#SaysTheEditor Refining Your Plot for Character Growth

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I’d wanted to read this one particular book for awhile now. Rock Fiction; it’s always in my wheelhouse. And the author is someone I recommend without hesitation when people ask. Win-win, right?

A quick check of the library showed that they had a copy available on Overdrive, so one click later, I was reading away. And quite surprised by what I found. Not in a good way, sad to say.

The problem, in the end, was a simple one: the plot wasn’t quite refined enough, and as a result the character growth suffered. Whereas most books fit the formula of “this is a story about _____, who wanted _____.” this story… wasn’t.

Oh, it was a story about Jane. And it was a romance, so presumably Jane wanted Dick, right? (Pardon the pun. Oh, Lordy, pardon that pun. But it was either use Dick or Tarzan!)

But… Jane also wanted to make music. And run a small business. And then Jane wanted Dick AND Tom. And then she wanted to be rid of past ghosts. And to be moral support for a friend going through a bad time.

Did you get whiplash from all that wanting?

The upshot here is that Jane never really wanted any one thing, which was pretty funny considering that Jane’s first arrival in the book portrayed her as a woman who knew exactly what she wanted in life (or at least in sex partners) and didn’t hesitate to go get it.

For me, I’d have liked it if the story had been framed with Jane’s underlying drive being her music. Hey, I’m a lover of Rock Fiction, remember? But that would explain a lot of the motivation for what comes next: the tragedy that drove her from the stage, her fears and PTSD, and it would even frame how her love for Dick and then Tom unfolded and helped her overcome her issues.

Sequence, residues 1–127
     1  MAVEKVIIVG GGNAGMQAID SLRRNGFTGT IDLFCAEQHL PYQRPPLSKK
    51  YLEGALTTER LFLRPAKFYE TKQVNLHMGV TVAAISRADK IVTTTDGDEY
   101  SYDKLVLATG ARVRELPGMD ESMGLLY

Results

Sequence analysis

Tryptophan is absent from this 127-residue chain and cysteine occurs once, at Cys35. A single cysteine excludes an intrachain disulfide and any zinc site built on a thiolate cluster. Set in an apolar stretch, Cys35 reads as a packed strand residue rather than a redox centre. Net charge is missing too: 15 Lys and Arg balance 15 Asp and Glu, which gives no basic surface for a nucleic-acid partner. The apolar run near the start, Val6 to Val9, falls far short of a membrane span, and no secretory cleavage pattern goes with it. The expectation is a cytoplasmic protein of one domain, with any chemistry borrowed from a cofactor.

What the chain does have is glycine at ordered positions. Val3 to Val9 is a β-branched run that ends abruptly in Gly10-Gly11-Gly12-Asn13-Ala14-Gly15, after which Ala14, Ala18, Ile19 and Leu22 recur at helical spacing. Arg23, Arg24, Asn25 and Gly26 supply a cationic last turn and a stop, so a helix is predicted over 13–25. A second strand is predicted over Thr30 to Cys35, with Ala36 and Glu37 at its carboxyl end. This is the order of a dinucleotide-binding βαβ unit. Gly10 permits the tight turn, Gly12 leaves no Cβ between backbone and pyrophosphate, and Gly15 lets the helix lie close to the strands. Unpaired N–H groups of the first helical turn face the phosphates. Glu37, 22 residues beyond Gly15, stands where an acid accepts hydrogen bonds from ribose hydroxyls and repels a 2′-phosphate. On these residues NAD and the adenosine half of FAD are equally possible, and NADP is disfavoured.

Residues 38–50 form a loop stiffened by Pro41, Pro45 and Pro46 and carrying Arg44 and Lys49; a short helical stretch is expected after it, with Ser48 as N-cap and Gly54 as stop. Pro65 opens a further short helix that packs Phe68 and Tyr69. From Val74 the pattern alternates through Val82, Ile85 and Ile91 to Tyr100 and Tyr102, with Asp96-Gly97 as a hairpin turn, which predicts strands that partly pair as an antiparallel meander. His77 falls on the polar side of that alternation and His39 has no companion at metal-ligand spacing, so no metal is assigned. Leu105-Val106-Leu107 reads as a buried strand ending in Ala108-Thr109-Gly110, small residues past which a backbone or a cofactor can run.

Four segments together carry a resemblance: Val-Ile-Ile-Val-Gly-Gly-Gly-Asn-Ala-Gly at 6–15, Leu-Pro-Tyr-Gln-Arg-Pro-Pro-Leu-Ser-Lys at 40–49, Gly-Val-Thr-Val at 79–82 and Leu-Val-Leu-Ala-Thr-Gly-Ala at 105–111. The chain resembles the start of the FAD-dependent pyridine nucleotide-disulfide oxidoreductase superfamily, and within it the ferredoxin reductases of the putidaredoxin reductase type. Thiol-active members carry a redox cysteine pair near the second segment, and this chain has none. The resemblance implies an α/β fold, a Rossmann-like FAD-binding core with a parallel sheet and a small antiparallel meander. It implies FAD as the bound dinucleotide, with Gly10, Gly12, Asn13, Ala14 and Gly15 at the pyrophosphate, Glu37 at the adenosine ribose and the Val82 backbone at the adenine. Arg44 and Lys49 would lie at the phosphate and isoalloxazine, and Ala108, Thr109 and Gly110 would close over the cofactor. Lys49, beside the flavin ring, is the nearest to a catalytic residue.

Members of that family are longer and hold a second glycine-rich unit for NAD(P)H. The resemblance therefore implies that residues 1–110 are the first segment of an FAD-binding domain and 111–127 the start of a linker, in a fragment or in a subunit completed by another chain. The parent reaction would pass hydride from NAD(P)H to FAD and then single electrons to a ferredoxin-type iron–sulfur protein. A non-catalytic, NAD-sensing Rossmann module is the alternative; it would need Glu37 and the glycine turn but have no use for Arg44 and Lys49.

Best of all, the story would not have needed much tweaking. Just a sentence at the beginning and a wider triumph at the end. And maybe some more exploration of her fears as they related to her music career as the story unfolded.

Notice that? I’m NOT saying it needed to be rewritten or restructured. All that is already there. What was lacking was that bottom part of the sentence, “This was a story about Jane, who wanted _____” It would have been so easy to do, and it would have taken all these various elements of the plot and tied them together. Not necessarily with a neat bow — I hate those — but in a very rich sense that allowed for maximum character growth of our heroine.

Ultimately, when we read, that’s what we’re looking for: that character growth, that beauty that comes out of pain. Readers may not realize it, but the underlying adventure that we seek is one of change and fulfillment. Of coming into one’s own. Of who the character (and, by extension, us) becomes as they move from Point A to Point B.

This book lacked that. It’s not surprising I found it lacking. But it came oh, so close…

Go ahead. Push yourself. Don’t come close; that’s another way of saying “I fell short.”

And, as always, if you need me, I’m right here to help guide you.

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